When it comes to family planning, it’s a sad fact that the male role is sometimes downplayed. This is even more true when the journey takes a turn for the difficult and a couple embark on IVF treatments. You may turn up to the appointments, hold her hand and read all the pamphlets she gives you. But then what? The gruelling ultrasounds and injections all go on inside her body, and not yours. Surely there’s not much more you can do to help?

 

Not so! In fact, a woman undergoing fertility treatment requires immense support and understanding - and you are in the best possible position to give her that while she manages the physical and emotional strains of trying to conceive. Here’s a look at what your partner may experience as well as concrete ways you can step in and lighten her burden.

 

She feels stressed out

 

How much free time do you have in your schedule today? What state of mind would you be in if you had to make room for an extra hour or two of doctor’s appointments, painful medical procedures and the hassle of travelling to and from the hospital or clinic? Scheduling IVF treatments can take its toll, and by its nature the process is prolonged since it occurs over many cycles.

 

Things you can do:

 

  • As much as possible, try to reduce her stress in other areas of life. Pick up niggling chores or errands she may not have time or energy for. Would she be happier with someone to take her to the clinic? On egg retrieval days or particularly stressful points in her cycle, can you take charge of dinner or other household tasks?
  • Be a calming force in your partner’s life. While her world is topsy turvy (inside and out!) you can be her anchor. Think of the relaxing activities she’d enjoy. Can you surprise her with a small gift, a movie night at home or even an impromptu foot rub?
  • Make sure that you’re maintaining a healthy lifestyle. Encourage a regular sleep schedule, eat well and carve out time each day for a walk in nature, meditation, or quality time together.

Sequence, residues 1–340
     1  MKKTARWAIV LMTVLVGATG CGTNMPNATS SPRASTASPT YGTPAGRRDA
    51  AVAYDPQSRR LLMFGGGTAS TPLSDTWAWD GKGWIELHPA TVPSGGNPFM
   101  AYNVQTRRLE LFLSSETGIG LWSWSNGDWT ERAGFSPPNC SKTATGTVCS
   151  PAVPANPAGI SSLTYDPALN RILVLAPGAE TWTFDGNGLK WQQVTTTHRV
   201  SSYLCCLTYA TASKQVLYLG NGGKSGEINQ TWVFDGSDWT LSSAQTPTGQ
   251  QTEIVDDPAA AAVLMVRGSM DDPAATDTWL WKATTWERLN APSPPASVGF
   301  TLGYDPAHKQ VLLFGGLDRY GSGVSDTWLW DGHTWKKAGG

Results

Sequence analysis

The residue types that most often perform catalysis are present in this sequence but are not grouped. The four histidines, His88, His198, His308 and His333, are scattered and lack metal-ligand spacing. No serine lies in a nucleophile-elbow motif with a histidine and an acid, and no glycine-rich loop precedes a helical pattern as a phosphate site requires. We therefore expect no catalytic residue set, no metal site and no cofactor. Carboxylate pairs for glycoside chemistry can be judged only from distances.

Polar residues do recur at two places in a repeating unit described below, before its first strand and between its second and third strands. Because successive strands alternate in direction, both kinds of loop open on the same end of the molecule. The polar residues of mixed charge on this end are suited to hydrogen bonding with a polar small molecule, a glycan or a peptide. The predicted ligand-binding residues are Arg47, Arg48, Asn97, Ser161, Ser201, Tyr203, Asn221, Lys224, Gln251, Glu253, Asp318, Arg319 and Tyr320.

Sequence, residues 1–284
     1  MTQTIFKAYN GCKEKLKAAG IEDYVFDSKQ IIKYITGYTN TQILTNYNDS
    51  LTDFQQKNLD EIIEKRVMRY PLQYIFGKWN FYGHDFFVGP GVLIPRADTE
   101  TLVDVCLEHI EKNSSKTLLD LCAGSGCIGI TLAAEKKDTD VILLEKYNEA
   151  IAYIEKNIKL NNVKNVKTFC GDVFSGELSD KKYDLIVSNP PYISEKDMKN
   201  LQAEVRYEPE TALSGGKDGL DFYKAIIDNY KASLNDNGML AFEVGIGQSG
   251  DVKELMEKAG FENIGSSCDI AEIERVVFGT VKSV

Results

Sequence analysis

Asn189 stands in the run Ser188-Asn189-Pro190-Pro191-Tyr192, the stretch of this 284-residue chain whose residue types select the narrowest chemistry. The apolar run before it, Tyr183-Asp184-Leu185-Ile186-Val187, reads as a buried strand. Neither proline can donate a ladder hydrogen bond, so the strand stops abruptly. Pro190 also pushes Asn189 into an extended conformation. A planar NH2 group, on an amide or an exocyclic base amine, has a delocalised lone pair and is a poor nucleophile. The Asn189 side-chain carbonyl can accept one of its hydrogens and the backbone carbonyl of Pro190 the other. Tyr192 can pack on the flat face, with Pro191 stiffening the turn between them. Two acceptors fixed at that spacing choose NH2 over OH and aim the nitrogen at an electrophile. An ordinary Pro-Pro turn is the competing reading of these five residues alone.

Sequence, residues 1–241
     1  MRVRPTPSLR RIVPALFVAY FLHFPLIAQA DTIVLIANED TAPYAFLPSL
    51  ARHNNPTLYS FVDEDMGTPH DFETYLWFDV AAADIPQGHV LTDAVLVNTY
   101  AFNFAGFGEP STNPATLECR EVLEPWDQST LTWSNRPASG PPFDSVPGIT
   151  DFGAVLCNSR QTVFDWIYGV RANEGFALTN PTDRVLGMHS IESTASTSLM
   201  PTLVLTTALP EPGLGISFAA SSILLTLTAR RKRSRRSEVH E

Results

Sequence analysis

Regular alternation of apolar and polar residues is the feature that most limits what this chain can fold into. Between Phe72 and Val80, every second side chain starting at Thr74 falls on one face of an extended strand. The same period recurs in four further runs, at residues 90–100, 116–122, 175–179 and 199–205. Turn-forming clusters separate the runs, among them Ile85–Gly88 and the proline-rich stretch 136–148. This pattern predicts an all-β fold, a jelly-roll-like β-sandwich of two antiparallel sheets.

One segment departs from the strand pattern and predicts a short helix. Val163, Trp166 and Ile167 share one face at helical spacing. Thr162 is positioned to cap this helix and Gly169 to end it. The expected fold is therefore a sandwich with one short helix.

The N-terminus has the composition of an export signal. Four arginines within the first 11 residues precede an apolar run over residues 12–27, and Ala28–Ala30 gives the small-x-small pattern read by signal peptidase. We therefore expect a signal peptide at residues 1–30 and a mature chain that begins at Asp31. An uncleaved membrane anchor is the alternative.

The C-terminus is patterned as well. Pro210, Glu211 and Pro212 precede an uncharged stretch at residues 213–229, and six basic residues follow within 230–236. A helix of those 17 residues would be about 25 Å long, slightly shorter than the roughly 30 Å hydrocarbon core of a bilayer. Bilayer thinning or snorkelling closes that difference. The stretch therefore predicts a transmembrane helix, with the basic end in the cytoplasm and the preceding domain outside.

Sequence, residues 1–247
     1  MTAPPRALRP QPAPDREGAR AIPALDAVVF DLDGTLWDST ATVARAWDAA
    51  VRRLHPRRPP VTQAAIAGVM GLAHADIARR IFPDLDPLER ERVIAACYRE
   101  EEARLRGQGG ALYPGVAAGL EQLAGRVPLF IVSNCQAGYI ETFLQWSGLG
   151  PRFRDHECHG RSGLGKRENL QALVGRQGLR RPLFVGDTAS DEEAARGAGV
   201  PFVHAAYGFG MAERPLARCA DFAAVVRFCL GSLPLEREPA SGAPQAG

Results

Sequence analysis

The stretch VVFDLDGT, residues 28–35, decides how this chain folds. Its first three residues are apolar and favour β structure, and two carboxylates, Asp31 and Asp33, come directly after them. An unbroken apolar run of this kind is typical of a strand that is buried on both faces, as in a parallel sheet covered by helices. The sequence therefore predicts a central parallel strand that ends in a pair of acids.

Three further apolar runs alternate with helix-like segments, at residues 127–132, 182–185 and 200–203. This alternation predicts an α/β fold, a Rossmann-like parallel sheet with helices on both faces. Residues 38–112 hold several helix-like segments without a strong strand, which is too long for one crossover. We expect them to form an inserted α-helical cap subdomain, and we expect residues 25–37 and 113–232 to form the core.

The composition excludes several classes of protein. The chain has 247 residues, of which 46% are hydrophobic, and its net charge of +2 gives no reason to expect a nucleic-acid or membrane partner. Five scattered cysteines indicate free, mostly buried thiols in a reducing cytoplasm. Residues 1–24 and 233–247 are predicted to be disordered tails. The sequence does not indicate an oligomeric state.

She feels vulnerable

 

Undergoing IVF is no picnic. Your partner’s been poked, prodded and injected. She’s likely felt very exposed during examinations. Over and above the mental stress of opting for this kind of treatment, she may be dealing with real, physical pain, too. All of this spells a moment in your partner’s life where she feels exceptionally vulnerable and sensitive.

 

Things you can do:

 

  • Tread very carefully around the issue of sex. The hormonal effects of the treatment may include bloating, fatigue, soreness, nausea and increased emotional sensitivity, so your partner likely won’t feel in the mood. Allow her to initiate if she likes, but hold off on adding any pressure during this time. It will pass.
  • Keep an eye on her physical comfort. Be understanding if she feels tired or grumpy, and remind her that she’s beautiful on those days she feels unattractive.
  • Let your partner know that you love and appreciate her no matter what. Her stress may stem from feeling rushed or inadequate. How can you show her that you love her perfectly, just as she is, right now?

 

She feels volatile

 

Hormones are powerful things. For example, instead of a single egg in production per cycle as usual, she may suddenly have up to twenty eggs at once ...and all the estrogen that comes with it! Flooding the body with such heavy doses of hormones can be overwhelming to say the least. Your partner may burst into tears for no reason, get angry and then wonder why she did, or wake up one morning weighing 10 lbs. more than the night before.

 

Things you can do:

 

  • The very worst you can do for a woman who is struggling with disrupted hormones is to negate her experience. While she’s battling mood swings, you need to be calm and consistent. It may be challenging, but try not to lose your cool, guilt her for her emotions or get angry yourself. Imagine that you’re temporarily taking on some of the extra emotional load she’s been given. Offer her stability and understanding and any mood swings will pass more quickly.
  • Avoid making any other important life decisions at this time.
  • Make sure there’s time in every day to stop, and listen to how she’s feeling. She might not need you to problem solve, but only to listen to what she’s going through.

 

Your partner may physically have to undergo the treatments, but ultimately you are a team and working towards the same end. Because she may be a little overwhelmed, it may fall to you to be extra empathetic. Understand her perspective. Stay alert, help out when you can, or better yet, try to anticipate her needs and step in to take charge of what she may not be able to manage right now.

 

Nobody said it would be easy, but remembering to work together certainly makes it easier! Ultimately, you are her partner. Not a helper, a sidekick or a spectator on the journey she’s on, but a fellow traveller. Work together and even the trials of fertility treatments can ultimately strengthen your relationship.